“Swan Hammer” and Poem as Prayer

Image of "Swan Hammer" poetry collection superimposed on illustration of swans and hammers.
Cover illustration of Swan Hammer by Erin Kirk.

To indulge in a little main-character delusion, I’d say Maggie Graber created Swan Hammer: An Instructor’s Guide to Mirrors with me in mind. Sure, she included a whole poem explaining “Why I Shouldn’t Be an FBI Agent,” but maybe that’s the perfect cover for surveilling a random bisexual who shares your first name and then composing a poetry collection certain to pique her interest! Like, y’all…there’s poems here about Ms. Frizzle, tomatoes, and doing violent things to impress girls. 

But even if your name isn’t Maggie and you’ve never emotionally depended upon a fictional science teacher, Graber’s collection charts a familiar ambivalence with the digital and natural worlds we inhabit day to day. Worries about a rapidly changing climate follow memories of the 2012 Mayan Apocalypse. In “iContact / Screens,” the poet reckons with her closest relationship: the “monogamous bond” she has with her phone screen. By the end, readers come to understand the power of all these connections — good, bad, funny, and neutral.

Out in time for the hot stillness of summer, Swan Hammer, winner of the 2021 Wheelbarrow Books Poetry Prize, is equal parts personal history and manual for living. The former comes as odes, elegies, and self-portraits (“Self-Portrait as a Jack-o’-Lantern” and “Self-Portrait as Loan Payment” are stand-outs). The latter arrives in the form of rules, rituals, and prayers. 

In one poem, “a bowl of tomatoes burns / like a bonfire” and Graber wonders, “How will we love / when all we’ve buried grows / on vines and tastes unsalted, / like weakening sun?” In “House Rules,” she subverts and deepens the cheesy text-based home décor strung across American suburbia. Later on, “Moonrise Ritual” appeals to anyone battling their subconscious manic pixie dream girl (the trick is to give in! Be your own manic pixie dream girl!). It begins:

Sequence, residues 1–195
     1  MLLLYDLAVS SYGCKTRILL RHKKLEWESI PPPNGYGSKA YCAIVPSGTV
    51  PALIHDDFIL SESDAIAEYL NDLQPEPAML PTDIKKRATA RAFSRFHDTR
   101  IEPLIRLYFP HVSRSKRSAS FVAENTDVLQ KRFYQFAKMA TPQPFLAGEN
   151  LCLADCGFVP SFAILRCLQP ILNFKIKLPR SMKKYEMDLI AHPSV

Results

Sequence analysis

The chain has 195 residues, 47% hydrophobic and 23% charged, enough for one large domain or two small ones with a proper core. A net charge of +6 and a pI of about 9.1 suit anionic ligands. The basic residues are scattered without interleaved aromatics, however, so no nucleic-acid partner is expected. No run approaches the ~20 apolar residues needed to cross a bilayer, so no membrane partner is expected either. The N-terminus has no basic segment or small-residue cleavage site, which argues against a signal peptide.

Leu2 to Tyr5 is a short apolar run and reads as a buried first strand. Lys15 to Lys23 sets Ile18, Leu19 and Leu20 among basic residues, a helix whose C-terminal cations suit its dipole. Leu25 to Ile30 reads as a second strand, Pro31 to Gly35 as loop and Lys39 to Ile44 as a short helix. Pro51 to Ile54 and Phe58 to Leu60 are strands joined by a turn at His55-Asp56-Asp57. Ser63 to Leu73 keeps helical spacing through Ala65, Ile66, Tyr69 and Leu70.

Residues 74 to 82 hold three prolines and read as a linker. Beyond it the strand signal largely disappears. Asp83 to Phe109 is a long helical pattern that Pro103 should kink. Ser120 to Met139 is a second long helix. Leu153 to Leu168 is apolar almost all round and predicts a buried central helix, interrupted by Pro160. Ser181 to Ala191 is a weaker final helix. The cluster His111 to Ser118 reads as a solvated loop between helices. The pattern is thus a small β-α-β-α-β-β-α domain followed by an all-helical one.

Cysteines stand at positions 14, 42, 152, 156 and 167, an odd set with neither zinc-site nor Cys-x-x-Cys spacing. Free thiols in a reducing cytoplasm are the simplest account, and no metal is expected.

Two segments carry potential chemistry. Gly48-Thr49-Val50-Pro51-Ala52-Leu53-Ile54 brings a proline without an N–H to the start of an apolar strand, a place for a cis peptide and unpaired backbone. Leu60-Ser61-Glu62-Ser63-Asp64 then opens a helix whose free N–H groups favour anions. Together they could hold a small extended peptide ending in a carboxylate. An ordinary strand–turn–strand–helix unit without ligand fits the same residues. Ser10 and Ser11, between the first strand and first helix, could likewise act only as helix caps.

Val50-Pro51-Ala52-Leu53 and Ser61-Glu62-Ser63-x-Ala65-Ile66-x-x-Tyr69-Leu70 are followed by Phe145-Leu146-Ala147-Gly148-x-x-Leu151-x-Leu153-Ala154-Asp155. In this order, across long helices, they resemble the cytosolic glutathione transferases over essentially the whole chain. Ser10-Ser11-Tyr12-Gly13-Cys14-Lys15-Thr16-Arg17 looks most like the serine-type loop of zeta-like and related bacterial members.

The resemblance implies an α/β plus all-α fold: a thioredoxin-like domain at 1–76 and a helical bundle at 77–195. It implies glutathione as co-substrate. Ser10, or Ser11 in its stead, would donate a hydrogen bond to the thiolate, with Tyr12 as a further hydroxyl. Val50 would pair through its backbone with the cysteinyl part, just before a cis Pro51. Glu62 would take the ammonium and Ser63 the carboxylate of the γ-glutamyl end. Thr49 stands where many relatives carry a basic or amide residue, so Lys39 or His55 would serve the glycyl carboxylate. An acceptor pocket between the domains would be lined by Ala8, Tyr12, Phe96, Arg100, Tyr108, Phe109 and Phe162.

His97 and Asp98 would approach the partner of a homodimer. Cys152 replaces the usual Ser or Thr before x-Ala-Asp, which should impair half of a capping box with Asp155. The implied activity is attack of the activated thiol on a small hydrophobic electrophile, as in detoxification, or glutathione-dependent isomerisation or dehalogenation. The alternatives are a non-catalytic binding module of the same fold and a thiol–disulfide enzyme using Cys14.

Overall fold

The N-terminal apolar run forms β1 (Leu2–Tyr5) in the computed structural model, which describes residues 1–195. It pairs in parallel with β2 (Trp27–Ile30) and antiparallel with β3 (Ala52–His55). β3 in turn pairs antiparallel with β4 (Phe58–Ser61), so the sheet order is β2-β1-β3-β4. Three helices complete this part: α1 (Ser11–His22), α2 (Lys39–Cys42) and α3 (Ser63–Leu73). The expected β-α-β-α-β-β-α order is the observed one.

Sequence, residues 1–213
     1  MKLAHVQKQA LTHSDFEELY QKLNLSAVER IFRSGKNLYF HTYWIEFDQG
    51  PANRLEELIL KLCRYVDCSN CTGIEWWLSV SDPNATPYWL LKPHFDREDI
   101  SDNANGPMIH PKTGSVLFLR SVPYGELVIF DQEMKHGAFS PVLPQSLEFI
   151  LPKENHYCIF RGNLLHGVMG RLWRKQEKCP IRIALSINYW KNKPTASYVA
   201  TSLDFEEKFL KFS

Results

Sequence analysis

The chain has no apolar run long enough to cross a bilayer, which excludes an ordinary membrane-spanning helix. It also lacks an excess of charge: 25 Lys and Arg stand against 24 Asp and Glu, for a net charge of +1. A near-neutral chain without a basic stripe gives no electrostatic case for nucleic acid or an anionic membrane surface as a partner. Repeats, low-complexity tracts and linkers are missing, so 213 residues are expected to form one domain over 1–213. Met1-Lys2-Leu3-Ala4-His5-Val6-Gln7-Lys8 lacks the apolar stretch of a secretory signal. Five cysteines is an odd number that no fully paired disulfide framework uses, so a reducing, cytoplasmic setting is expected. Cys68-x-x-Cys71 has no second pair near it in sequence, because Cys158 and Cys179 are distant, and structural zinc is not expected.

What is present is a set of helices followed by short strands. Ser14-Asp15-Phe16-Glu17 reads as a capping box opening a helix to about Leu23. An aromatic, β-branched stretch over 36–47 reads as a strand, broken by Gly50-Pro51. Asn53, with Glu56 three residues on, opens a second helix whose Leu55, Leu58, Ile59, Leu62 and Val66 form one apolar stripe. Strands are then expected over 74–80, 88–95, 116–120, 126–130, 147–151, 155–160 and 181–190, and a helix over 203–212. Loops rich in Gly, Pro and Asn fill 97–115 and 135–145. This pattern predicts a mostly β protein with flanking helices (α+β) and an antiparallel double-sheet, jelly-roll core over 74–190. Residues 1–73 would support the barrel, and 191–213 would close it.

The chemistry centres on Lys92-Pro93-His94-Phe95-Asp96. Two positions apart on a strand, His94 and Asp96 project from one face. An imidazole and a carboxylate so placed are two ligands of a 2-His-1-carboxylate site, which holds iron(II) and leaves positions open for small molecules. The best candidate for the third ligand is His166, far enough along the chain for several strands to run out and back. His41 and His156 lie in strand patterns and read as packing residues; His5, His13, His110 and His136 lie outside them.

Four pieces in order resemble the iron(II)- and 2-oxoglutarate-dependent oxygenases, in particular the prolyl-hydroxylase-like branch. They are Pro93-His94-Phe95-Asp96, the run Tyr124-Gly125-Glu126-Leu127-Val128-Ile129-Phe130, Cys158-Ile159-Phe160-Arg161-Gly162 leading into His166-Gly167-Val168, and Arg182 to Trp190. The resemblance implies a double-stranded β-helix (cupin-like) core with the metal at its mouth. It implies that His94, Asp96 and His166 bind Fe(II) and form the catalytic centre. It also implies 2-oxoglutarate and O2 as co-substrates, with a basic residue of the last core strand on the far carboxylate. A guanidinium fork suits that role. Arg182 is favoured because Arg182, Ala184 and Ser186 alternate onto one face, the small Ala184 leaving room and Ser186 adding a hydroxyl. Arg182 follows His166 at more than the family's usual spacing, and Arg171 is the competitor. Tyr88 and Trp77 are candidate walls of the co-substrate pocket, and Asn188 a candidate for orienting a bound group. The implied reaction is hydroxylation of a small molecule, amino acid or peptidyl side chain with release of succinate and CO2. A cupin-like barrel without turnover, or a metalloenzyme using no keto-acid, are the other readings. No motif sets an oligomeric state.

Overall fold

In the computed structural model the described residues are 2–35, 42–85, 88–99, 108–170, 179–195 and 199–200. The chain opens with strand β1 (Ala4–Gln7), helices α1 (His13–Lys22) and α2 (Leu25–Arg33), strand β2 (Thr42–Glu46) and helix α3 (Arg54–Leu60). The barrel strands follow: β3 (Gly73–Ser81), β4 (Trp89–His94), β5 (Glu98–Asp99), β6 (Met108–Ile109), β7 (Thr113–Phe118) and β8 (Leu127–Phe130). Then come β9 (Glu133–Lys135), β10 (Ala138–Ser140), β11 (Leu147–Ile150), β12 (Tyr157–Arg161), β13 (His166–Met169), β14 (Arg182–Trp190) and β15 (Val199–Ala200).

Fill a tub with saltwater

and soak your feet for one hour.


Write an apology to the dinosaurs

on behalf of outer space.

Breathe harmonica. Imagine

sleeping in an igloo of sand.

I used to scoff at self-help books. At the belief a stranger could help me out of the muck of life. But lately I’ve caught myself reading things with the intent to learn, to change, to improve. The only difference is I reach for queer memoirs and single-page poems instead of The Subtle Art of Not Giving a Fuck. When distraught, I recite “The Peace of Wild Things” until my heart rate slows. If I want to feel punk rock and incredibly feminine, I do the same with Kim Addonizio’s biting “What Do Women Want?” 

Graber’s collection, subtitled An Instructor’s Guide to Mirrors, fulfills this craving for benevolent guidance and then some. Maybe, as in the titular poem, the girl who lives inside Graber “knows the way out” for all of us.


It's dangerous to go alone! Take the following poem with you!


By Maggie Graber


The spring I could say aloud

to myself, I like girls, I was twenty,

listening to Ani DiFranco, 

watching The L Word, reading

on Taoism before bed

by flashlight. On every page

a photograph of rocks or trees,

mountains, flowing water.

That semester I wrote poems

and watched Planet Earth.

Meanwhile, Saturn

with her belted halo

of ice, spun on.


1 comment

  1. I love Wendell Berry’s The Peace of Wild Things and also this quote from another of his writings which I copied and repeat again and again during times like these: “Be joyful though you have considered all the facts.”


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